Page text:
To explain the ramifications of this system failure our entire division of the company depended on all those machines. Luckily (depends on your point of view) the company had seen fit to actually hire a system admin rather than train one of our boys up. So it didn't take him long to work out what had happened and a quick call to distributed.net who happily obliged to disclose our team's information; (in their preamble they say we don't take responsibility if you decide to run these clients illegally on your company's machines) namely my email address. This wasn't a problem I was no longer with the company or the country. However my poor friend was also indicted. He was immediately placed on the last caution prior to dismissal from the company. Had
they managed to pin the server failure on him his would have been out. Perhaps my sheer greed for key cracking power saved his tail, but at the same time he wouldn't be in this predicament if I hadn't had introduced him to it.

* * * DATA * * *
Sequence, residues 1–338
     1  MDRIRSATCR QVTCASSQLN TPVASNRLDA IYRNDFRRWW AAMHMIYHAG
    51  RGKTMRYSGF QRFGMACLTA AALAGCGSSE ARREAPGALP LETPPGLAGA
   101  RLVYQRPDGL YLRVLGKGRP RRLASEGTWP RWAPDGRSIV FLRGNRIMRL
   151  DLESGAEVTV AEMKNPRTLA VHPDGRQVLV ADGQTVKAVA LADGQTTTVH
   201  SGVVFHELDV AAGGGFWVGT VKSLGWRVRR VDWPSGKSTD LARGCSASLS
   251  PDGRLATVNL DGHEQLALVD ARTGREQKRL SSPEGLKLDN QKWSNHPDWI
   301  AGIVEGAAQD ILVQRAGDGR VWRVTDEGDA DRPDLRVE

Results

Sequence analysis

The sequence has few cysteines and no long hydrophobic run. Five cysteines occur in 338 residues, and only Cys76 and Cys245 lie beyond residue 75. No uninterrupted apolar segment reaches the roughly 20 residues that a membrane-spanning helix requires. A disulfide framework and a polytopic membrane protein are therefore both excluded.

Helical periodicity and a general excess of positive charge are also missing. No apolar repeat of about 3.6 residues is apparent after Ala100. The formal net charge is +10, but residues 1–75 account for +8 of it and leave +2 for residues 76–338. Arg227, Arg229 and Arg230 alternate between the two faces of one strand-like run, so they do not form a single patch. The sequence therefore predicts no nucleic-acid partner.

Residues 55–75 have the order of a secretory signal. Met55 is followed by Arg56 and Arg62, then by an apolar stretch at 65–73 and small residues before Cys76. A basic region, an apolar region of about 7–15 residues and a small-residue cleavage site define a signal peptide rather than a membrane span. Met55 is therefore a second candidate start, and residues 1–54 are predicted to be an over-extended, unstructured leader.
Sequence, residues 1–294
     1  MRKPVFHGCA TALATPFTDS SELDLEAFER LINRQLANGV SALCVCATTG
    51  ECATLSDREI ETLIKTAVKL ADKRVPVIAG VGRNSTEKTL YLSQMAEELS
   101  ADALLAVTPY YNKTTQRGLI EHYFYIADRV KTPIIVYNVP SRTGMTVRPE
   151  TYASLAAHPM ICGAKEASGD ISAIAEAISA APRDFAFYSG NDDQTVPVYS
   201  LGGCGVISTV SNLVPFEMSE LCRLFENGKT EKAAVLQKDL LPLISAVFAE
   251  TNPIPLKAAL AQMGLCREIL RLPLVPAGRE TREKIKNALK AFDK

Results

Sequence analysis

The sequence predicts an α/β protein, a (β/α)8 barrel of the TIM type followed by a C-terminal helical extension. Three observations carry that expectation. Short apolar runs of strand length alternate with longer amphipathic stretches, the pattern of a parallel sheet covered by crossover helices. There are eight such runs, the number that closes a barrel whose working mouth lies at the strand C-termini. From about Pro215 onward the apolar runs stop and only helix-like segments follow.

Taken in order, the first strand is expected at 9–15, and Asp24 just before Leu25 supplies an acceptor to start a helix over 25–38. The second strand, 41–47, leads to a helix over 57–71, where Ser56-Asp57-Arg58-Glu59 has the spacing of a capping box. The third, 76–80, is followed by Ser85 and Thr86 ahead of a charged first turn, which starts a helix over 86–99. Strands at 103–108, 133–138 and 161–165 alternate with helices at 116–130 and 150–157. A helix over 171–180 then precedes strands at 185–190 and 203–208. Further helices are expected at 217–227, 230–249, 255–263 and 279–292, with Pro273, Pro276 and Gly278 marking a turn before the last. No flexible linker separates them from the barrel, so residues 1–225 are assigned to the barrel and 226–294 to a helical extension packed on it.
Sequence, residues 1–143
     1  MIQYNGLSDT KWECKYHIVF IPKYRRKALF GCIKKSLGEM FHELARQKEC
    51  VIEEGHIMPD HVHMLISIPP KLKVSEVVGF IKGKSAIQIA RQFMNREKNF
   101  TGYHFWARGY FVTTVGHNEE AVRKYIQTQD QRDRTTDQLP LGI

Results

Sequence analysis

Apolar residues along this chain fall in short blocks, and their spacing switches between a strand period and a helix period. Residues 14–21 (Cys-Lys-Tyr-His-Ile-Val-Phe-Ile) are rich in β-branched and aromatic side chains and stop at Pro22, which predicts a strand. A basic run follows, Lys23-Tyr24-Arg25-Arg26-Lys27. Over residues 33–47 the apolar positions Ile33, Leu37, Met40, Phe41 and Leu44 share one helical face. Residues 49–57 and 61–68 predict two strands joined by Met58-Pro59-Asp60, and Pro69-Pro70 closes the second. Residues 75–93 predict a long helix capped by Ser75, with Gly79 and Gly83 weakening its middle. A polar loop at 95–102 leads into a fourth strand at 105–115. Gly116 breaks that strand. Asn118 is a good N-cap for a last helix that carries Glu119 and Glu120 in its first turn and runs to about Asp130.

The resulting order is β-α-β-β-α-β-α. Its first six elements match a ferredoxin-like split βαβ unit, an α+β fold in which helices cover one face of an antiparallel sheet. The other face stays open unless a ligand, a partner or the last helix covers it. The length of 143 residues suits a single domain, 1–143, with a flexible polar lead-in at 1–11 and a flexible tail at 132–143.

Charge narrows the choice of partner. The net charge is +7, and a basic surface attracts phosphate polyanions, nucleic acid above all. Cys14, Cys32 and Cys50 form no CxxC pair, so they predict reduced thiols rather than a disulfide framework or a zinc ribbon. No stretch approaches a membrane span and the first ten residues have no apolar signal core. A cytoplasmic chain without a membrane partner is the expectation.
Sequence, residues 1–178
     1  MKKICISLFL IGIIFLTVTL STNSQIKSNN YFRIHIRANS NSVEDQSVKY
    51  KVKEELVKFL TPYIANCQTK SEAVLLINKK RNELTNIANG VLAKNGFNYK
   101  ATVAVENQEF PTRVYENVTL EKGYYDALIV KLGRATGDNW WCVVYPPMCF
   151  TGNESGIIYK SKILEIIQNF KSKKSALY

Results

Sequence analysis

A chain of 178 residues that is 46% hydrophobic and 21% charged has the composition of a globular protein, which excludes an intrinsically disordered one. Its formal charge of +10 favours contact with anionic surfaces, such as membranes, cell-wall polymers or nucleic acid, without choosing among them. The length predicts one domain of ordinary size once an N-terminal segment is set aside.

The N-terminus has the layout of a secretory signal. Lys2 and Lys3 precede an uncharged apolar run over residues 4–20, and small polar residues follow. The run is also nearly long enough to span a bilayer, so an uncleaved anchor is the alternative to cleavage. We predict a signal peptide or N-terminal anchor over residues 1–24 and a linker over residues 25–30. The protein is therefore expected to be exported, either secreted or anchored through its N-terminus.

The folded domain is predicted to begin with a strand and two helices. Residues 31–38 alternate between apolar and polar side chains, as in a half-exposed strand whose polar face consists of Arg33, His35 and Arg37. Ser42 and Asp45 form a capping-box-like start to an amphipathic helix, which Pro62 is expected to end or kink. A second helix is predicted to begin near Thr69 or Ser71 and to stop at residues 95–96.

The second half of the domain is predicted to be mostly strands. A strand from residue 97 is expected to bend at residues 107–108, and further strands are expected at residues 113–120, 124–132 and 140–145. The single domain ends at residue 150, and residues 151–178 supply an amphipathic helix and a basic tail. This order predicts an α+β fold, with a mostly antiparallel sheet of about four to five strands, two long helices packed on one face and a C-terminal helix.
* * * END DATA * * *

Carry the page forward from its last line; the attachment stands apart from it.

What does this all mean in real terms? Did I get off scott free? No, here's what it cost me:
My reputation as an exceptional employee with the company has now been tarnished. This has virtually poisoned my work record causing me to worry about the possibility of any future employer enquiring with my former company. I have lost the trust of my manager who was not only my friend but also the inspiration for me to return back to night school at which point would have gone towards the completion of my degree. Also had this incident never occurred I would have had the proverbial employment door left open indefinitely for me by not only my manager but also my director. I nearly had a friend fired from his job who although never admitting to it felt he had been left to the wolves by me. I know this because we never seem to maintain good contact with one another afterwards. I also suspect because he now had a black mark on his record would have had to leave and find somewhere else to grow careerwise.
I wanted to end with something witty like, if I could do it all again I wouldn't have got caught. But after writing this I'm simply sickened by my sheer stupidity and complete ignorance of foresight. I know this may sound stupid but I really did like the people I worked with. And I wish I could have called them to explain that I was very sorry for betraying their trust. I can't. I would strongly advise anyone treading down this route to realise all the possibility ramification of their actions!
1 "S".ome "O".ther "U".nix under the inte"L" architecture.
This is quite a feat to achieve, a friend at work. let alone a good one.